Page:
Nasal polyps (i.e., nasal polyposis) are soft tissue growths that form on the lining of the nasal passages and inside the sinuses (i.e., air-filled cavities within the facial bones). They are painless and non-cancerous. They are usually in the shape of teardrops and characteristically look like glistening moist grapes. Nasal polyps generally develop when the mucus membranes of the nose and/or sinuses are chronically inflamed. This results the tissue to swell up over a prolonged period of time.
When the nasal polyps grow large enough, they can obstruct the nasal passages and cause breathing difficulties due to the polys blocking the flow of air through the nose. They can also block the free passage of secretions from the sinuses into the nose and predispose individuals to sinus infections.
Any condition which results in chronic inflammation inside the nose and sinuses can lead to nasal polyp formation. Some of these conditions include:
- Allergic rhinitis (i.e., hay fever)
- Chronic sinusitis
- Aspirin sensitivity
- Cystic fibrosis
- Eosinophilic disorders
- Allergic fungal sinusitis
What are the causes of nasal polyposis?
It is believed that inflammation causes the buildup of fluid within the mucus membranes. When this buildup of fluid occurs, it results in the formation of fluid-filled growths, which over time expand to become polyps.
There is a condition known as Samter’s triad which is characterized by nasal polyps, asthma, and aspirin intolerance. Samter’s triad is also known as aspirin exacerbated respiratory disease (i.e., AERD) or aspirin triad.
What are the symptoms of nasal polyps?
- Nasal congestion
- Runny nose
- Post-nasal drip
- Decreased or lack of the sense of taste and/or smell
- Sinus and/or facial pressure
- Sinus headaches
How is the diagnosis of nasal polyps established?
- Endoscopic examination of the nose
- Imaging studies (e.g., X-rays, CT scans)
- Allergy testing (e.g., skin testing or blood testing)
- Sweat test to rule out cystic fibrosis (particularly in children)
What are some complications that may arise as a result of having nasal polyps?
- Long-term or repeated sinus infections
- Nose bleeds (i.e., epistaxis)
- Exacerbations of asthma
- Obstructive sleep apnea
- Double vision (i.e., diplopia)
How are nasal polyps treated?
Corticosteroid nasal sprays are the usual first line of treatment. Decongestants are sometimes useful to help shrink the size of the nasal polyps. Antibiotics may be needed in the event that a bacterial sinus infections occurs due to the nasal polyps.
If the nasal polyps continue to grow in spite of treatment with various medications and/or if complications arise, the polyps may need to be surgically removed. It must be noted, that it is not uncommon for nasal polyps to “grow back” after they are surgically removed, especially if an underlying untreated allergy causing chronic inflammation is still present. The recurrence of the nasal polyps can be as quick as a few months after surgical intervention, however, it also may take a couple of years for the nasal polyps to return. Some studies have demonstrated that regular use of a corticosteroid nasal sprays can reduce the chances of polyp regrowth after surgery.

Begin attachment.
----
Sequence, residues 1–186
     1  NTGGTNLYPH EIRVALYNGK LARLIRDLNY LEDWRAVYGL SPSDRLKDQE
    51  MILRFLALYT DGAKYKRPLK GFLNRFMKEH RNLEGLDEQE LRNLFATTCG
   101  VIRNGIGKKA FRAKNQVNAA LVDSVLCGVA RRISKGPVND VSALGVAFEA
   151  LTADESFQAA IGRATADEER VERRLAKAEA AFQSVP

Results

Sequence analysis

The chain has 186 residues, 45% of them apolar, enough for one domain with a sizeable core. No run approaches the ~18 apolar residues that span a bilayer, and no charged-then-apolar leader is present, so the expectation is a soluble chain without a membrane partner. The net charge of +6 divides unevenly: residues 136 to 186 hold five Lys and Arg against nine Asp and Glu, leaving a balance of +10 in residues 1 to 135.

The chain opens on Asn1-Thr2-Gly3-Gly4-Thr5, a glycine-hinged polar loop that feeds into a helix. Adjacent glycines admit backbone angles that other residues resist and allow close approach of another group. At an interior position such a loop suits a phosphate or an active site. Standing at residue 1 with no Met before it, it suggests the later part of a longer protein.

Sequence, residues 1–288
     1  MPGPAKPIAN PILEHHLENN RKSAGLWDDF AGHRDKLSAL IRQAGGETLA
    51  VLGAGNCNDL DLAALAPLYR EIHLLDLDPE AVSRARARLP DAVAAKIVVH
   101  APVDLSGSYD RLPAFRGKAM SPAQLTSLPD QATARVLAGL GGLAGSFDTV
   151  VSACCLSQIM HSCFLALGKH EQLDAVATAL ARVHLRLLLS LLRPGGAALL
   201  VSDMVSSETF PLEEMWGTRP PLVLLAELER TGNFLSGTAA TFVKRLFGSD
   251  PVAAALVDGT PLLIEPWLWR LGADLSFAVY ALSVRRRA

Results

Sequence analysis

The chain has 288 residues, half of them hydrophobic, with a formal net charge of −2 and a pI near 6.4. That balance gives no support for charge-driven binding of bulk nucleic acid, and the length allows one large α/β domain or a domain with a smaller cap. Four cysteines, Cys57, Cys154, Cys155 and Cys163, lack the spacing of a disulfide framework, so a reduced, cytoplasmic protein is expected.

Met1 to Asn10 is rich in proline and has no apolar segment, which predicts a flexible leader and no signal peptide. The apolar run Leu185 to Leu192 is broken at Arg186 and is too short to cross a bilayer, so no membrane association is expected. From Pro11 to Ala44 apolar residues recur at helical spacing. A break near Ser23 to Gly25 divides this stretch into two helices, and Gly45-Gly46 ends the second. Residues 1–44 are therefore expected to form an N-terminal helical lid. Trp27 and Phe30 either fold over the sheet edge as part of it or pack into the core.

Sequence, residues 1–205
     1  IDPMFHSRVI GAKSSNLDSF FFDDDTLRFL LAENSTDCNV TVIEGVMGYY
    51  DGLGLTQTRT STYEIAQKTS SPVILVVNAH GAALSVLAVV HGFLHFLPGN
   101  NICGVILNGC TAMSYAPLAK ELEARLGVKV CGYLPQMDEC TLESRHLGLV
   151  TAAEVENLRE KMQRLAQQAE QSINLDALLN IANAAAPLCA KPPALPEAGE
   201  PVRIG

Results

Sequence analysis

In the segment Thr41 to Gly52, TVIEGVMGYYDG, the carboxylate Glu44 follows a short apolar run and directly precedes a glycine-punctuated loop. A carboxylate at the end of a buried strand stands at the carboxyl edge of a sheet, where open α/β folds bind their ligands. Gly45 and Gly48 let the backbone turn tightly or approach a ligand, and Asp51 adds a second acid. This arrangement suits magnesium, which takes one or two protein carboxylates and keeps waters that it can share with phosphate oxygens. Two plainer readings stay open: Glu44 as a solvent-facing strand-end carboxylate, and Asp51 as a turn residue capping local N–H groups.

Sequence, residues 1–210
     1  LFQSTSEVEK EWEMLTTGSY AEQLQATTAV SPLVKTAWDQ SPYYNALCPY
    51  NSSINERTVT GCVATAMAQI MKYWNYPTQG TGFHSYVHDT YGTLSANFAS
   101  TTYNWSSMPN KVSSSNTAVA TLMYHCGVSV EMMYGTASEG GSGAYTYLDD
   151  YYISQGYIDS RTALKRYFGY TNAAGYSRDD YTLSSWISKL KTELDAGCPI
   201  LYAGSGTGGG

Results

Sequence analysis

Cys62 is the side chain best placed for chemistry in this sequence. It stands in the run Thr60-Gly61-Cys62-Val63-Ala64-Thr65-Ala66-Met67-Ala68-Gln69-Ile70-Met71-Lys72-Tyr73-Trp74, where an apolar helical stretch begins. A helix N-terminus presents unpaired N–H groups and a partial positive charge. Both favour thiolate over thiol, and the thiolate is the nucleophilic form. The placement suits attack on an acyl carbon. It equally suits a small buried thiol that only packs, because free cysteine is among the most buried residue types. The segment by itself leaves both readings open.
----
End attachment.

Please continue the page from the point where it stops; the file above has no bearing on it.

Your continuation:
How can nasal polyps be prevented?
The aggressive treatment of predisposing conditions such as hay fever (i.e., allergic rhinitis) with a combination of environmental controls [a reduction of the exposure to offending aeroallergens (e.g., dust mites, molds, pollens, cats, dogs, cockroaches)], medications, and desensitization procedures (i.e., allergy shots, allergy injections, allergy immunotherapy, allergy hyposensitization) may inhibit polyp formation. Avoidance of exposure to smoke, strong odors, and chemicals is important in order to reduce nasal irritation and excessive tissue growth.
Patients with established chronic sinusitis may require antibiotics, nasal/sinus irrigations, and/or sinus surgery. Patients with a history of aspirin sensitivity will do better after desensitization to aspirin in terms of better asthma control, as well as a reduction in recurrences of nasal polyps.
The board certified allergists at Black & Kletz Allergy located in the Washington, DC, Northern Virginia, and Maryland metropolitan area will readily answer any questions you have regarding nasal polyps and/or allergy symptoms. We have 3 offices with locations in Washington, DC, McLean, VA (Tysons Corner, VA), and Manassas, VA. All of our offices offer on-site parking. In addition, the Washington, DC and McLean, VA offices are accessible by Metro. There is also a free shuttle that runs between the McLean, VA office and the Spring Hill metro station on the silver line. Please make an appointment by calling any one of our 3 offices, or alternatively, you can click Request an Appointment and we will respond to your request within 24 hours by the next business day. Black & Kletz Allergy diagnoses and treats both adults and children and we are proud to serve the Washington, DC metro area residents for which we have done for more than 50 years.